Traverse City News and Events

Facing Hiring Crisis Before Pandemic, Local Employers Now See Even More Hurdles, Fewer Candidates

By Craig Manning | Aug. 12, 2020

“I haven’t seen an applicant since February.”

So says Kirk Bergsma, owner and operator of Big Apple Bagels of Traverse City. Despite constant advertising on Craigslist, an ever-present “Now Hiring” sign on the door of his business, and a plan to raise starting wages for workers, Bergsma is coming up empty as he seeks to keep his restaurant staffed.

He’s not alone. According to Jayne Lindblom, business services regional director for Northwest Michigan Works, many local employers are desperate for workers. Northwest Michigan Works, which helps connect employers and job seekers throughout the 10-county region, recently hosted a virtual job fair that included 12 local employers and over 160 open positions. The event was a bust.

“We invited all the people in our database, which is about 10,000, and then we did press releases, put the word out through our partners, and got the information out there on social media,” Lindblom says. “We only had 50 job seekers register, and we only had five job seekers show up to the whole event.”

The lack of interest from job seekers comes as the nation struggles through a period of staggering unemployment -- and local business owners face new struggles on top of a hiring crisis that was already in place. According to Bureau of Labor Statistics data, the national unemployment rate was 10.2 percent in July. In total, more than 55 million people have filed for unemployment benefits since the pandemic began. That number is still growing: another 1.2 million new claims arrived last week, marking the 20th straight week that more than a million Americans had filed for unemployment.

When asked why high unemployment rates aren’t sending job seekers flocking toward open positions, Lindblom floats two explanations. One is that people are afraid to go back to work and risk COVID-19 exposure – particularly in jobs like hospitality and healthcare. Lindblom’s other explanation is that the enhanced unemployment benefits Congress implemented as part of the CARES Act have made it more lucrative for many people to remain unemployed. The supplemental $600 per week to individuals collecting unemployment expired on July 31, but an executive order from the White House has since replaced it with a $400-a-week federal benefit. According to the Washington Post, the average unemployed American was receiving $930 a week in benefits between March and July.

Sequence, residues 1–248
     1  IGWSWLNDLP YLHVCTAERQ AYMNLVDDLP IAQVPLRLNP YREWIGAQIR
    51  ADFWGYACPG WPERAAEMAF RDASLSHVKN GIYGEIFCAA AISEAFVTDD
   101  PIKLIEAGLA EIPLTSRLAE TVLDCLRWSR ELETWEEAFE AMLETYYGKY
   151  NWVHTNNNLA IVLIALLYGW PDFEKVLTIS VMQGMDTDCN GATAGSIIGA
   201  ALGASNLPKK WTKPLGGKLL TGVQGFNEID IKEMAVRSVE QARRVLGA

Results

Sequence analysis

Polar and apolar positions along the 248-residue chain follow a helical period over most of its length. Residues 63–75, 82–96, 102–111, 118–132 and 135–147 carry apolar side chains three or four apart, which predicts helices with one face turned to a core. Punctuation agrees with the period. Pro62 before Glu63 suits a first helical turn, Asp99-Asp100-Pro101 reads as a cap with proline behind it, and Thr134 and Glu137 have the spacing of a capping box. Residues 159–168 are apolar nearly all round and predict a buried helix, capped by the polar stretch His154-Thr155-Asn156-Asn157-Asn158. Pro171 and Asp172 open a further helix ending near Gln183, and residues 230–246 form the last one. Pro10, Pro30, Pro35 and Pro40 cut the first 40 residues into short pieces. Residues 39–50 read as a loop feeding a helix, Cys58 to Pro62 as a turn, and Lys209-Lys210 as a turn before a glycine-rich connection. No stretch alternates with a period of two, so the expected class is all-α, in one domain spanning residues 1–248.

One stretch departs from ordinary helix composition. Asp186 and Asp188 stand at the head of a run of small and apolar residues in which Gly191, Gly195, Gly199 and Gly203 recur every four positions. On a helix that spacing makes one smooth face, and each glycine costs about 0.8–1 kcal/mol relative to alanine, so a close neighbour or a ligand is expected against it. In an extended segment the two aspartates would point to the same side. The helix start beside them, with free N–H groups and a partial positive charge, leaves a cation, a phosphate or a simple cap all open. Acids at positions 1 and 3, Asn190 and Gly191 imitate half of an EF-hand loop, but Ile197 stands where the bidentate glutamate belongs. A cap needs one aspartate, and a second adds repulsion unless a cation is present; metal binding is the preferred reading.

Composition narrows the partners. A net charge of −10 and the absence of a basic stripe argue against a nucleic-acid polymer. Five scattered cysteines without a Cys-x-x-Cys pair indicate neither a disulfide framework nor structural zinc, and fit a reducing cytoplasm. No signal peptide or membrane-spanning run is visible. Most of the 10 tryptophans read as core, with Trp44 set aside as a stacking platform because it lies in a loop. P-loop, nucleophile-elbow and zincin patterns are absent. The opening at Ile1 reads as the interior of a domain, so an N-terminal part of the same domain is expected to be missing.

Bergsma, who currently pays a starting wage of $13.50, says it’s been difficult to compete with the paychecks that would-be applicants are receiving from the government state. He’s considering bumping his minimum wage to $15 an hour, but isn’t sure how much the increase would help.
“If the government is going to give you $400 or $600 a week, and then the state is going to give you $300, why would anybody want to go to work? You’re going to make more money [not working] and you get to have summer off,” he says.

Area restaurant owners echo Bergsma’s observations, with many having to curtail operating hours due to lack of staff.

Matthew McClellan, director of human resources at Grand Traverse Resort and Spa, says he’s contended with similar challenges during an increasingly busy tourist season. The Resort has 445 active employees, as well as 140 inactive staff – furloughed team members whose departments, such as banquets and events, are largely on hold due to COVID-19. Normally at this time of year, the Resort would have a staff of around 800. McClellan has tried to get creative by bringing back furloughed employees to fill new needs created by the pandemic – such as having greeters at the entrance to conduct temperature checks. But getting workers to come back – let alone hiring new ones – hasn’t been easy.

“As we neared the end of July and everybody knew that the extra $600 was going away, it did motivate some of our furloughed staff to make contact with us,” McClellan tells The Ticker. “We saw more people saying, ‘Hey, when can I come back to work?’ But between the extra unemployment kicker and the legitimate fear on the minds of many staff right now, where they don’t want to return to work because of the potential risks, those two factors are crippling us as far as bringing stuff back goes.”

At some point, the staffing difficulties could force local organizations to make tough decisions about their operations. Bay Area Transit Authority (BATA), for instance, currently needs to fill seven bus operator positions. BATA has had little trouble hiring for other roles – including positions in custodial, dispatcher, and payroll capacities – but Human Resources Generalist Erin Lentz says the volume of applications for bus driver jobs has slowed to a trickle. While BATA Director of Communications Eric Lingaur says the business isn’t at a point yet where it will need to cut down on routes due to driver shortages, he notes that BATA has had to do so in the past during low-unemployment times, and that the problem “could arise again” if job interest remains low.

At Grand Traverse Pavilions, HR Generalist David VanSlembrouck says he’s trying to fill multiple “essential worker” care jobs after several employees left due to COVID-19 exposure worries. While he attributes some of the challenge of finding new hires to similar virus-related fears or the situation with unemployment benefits, he also thinks there are many other factors at play.

“Family pressures and dynamics, child care, and finances all play a very large role,” VanSlembrouck says. “What I have found in the face of this situation is that the applicants coming forward have made the choice to apply and forgo possible unemployment benefits because they want to contribute to society and make a positive difference for others.”

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